9. The display device according to claim 6 wherein one of said means for line scanning and further means for brightness control comprise a cathode plate of insulating material having disposed therein a plurality of metal electrode strips parallel to each other, disposed in said gas discharge space and the other of said means for line scanning and further means for brightness control comprise a control plate of insulating material having disposed thereon a plurality of metal strip electrodes parallel to each other and perpendicular to the electrodes of said cathode plate, said hole matrix comprising holes formed in each of said plates at the locations of the intersections between said two sets of metal electrode strips.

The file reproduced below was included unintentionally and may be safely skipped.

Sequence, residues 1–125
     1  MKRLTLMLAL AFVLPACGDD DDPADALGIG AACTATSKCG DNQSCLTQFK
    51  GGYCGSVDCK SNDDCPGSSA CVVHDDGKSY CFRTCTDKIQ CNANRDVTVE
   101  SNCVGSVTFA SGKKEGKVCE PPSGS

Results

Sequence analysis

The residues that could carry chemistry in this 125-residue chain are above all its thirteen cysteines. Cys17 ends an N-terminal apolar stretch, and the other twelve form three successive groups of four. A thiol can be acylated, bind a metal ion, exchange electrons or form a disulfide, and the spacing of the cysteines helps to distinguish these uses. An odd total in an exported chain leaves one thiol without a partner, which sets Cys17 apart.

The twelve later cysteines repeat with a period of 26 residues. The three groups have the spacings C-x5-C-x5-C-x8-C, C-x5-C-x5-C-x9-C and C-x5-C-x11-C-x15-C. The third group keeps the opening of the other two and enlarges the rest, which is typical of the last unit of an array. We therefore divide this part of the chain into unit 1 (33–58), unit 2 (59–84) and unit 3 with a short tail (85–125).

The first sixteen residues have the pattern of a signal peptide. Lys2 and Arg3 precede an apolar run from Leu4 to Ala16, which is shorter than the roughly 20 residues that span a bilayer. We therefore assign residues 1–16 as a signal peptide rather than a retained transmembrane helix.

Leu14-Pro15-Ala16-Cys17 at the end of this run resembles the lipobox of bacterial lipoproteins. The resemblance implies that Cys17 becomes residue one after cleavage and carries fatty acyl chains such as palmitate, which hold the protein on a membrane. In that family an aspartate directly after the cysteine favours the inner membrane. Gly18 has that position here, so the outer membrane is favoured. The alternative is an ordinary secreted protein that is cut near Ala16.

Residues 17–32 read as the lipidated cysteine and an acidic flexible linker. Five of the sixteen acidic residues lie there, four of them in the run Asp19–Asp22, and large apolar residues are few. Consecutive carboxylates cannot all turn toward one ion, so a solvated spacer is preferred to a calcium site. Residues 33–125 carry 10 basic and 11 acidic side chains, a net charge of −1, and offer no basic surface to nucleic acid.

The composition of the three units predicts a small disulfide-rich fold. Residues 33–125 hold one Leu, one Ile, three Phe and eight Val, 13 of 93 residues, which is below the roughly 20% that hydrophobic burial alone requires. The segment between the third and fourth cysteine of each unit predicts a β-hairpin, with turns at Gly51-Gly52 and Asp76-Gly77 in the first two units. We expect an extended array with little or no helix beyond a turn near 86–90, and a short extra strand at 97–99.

10. The display device according to claim 1 and further including a secondary electron emission grid arranged in the electron acceleration space.
11. The display device according to claim 1 and further including a small amount of supplemental gas admixed to said base gas wherein said gas discharge space contains a base gas required for a glow discharge in the gas discharge space.
12. The display device according to claim 11 wherein said supplemental gas is mercury vapor.
This application is a continuation-in-part of application Ser. No. 857,902, filed Dec. 6, 1977, and now abandoned.
The invention relates to plasma image display devices in general, and more particularly to an improved plasma image display device.
A plasma display device comprising a gas-tight envelope, the interior of which is divided into a gas discharge space and an electron acceleration space which contains an image screen with fluorescent phosphors, and auxiliary electrodes for line scanning and further auxiliary electrodes, arranged perpendicularly thereto, for brightness control is known.